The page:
Taking the advantage of lidar detection, atmospheric water vapor density profiles and the obtained PWV by Raman lidar are discussed employing a rainfall case. The intensifying characteristics of vertical change in water vapor and the accumulation of PWV in the lower troposphere can be captured before the onset of rainfall. In addition, time series of lidar PWV and meteorological parameters are also investigated in detail. It can be clearly found that meteorological parameters such as water vapor pressure, relative humidity, and dew-point temperature difference showed obvious diurnal change trends before the onset of rainfall. However, in rainfall processes, stable and higher humidity, and stable and lower variations in water vapor pressure and dew-point temperature difference were instead accompanied with change rates of close to 0. Also, obvious correlations were also found between lidar PWV and these meteorological parameters during the entire process. Therefore, the intensifying characteristics of vertical change in water vapor, the gradual growth in PWV by Raman lidar, and the high correlated variations in synchronized surface meteorological parameters can prove to be good indications of rainfall.

Author Contributions

Conceptualization, Y.W., L.T., T.G. and D.H. Methodology, Y.W., L.T. and D.H. Resources, Y.W., L.T., Z.J., T.G. and Q.W. Original draft preparation, Y.W. and L.T. Writing, Y.W. and L.T. Review and editing, Y.W., Y.S. and D.H. Visualization, Z.J., T.G., Q.W. Supervision, Y.W. and D.H. Project administration, Y.W., Y.S. and D.H. Funding acquisition, Y.W. and D.H.

Funding

This work was supported by the National Natural Science Foundation of China (NSFC) (grant No. U1733202, 41627807, 41575027 and 41027004).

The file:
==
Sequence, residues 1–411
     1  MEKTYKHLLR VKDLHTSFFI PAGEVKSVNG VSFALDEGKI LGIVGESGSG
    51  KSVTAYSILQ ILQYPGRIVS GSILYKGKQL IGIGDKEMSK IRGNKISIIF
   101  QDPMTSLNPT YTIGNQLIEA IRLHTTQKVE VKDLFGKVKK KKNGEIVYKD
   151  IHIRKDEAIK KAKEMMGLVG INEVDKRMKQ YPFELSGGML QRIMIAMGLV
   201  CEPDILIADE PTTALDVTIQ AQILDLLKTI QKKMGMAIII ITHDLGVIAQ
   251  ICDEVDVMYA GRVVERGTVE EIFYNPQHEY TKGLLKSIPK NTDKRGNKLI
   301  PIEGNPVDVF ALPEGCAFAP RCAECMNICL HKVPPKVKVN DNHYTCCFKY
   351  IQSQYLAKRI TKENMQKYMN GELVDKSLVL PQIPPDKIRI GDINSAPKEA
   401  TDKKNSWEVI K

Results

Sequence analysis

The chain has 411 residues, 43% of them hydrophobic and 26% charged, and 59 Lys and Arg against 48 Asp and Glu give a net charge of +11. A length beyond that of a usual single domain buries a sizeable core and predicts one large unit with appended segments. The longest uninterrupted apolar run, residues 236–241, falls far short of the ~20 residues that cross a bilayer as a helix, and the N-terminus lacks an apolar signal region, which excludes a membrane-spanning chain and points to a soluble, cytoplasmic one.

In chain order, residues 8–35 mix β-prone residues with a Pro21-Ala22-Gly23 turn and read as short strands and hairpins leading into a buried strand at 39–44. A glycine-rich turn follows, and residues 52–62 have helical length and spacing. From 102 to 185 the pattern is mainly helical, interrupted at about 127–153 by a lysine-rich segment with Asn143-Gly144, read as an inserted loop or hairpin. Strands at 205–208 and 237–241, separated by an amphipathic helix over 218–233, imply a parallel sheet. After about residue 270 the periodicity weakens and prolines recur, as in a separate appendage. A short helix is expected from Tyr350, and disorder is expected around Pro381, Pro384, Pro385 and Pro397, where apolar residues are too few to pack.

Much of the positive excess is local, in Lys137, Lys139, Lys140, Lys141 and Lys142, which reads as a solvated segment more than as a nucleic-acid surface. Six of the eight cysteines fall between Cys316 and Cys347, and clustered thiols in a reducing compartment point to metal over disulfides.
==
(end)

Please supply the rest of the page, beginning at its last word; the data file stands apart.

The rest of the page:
Conflicts of Interest

The authors declare no conflict of interest.

References

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Figure 1. Schematic diagram of the Raman-Mie lidar system: DM-dichroic mirror; BS-beam splitter; IF-interference filter; L-lens.
Figure 1. Schematic diagram of the Raman-Mie lidar system: DM-dichroic mirror; BS-beam splitter; IF-interference filter; L-lens.
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Figure 2. The measured Range-corrected signal of lidar returns, the retrieved water vapor density profile, and comparisons with radiosonde data taken at 20:00 CST on 16 November 2013.
Figure 2. The measured Range-corrected signal of lidar returns, the retrieved water vapor density profile, and comparisons with radiosonde data taken at 20:00 CST on 16 November 2013.
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Figure 3. Scatter plot of correlation between Lidar PWV and radiosonde PWV.
Figure 3. Scatter plot of correlation between Lidar PWV and radiosonde PWV.
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Figure 4. THI plot of water vapor mixing ratio profiles during 20:30–06:00 LST on 16 November 2016.
Figure 4. THI plot of water vapor mixing ratio profiles during 20:30–06:00 LST on 16 November 2016.
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Figure 5. Temporal and spatial variations in PWV; (a) PWV in each layer; (b) its proportion in each layer.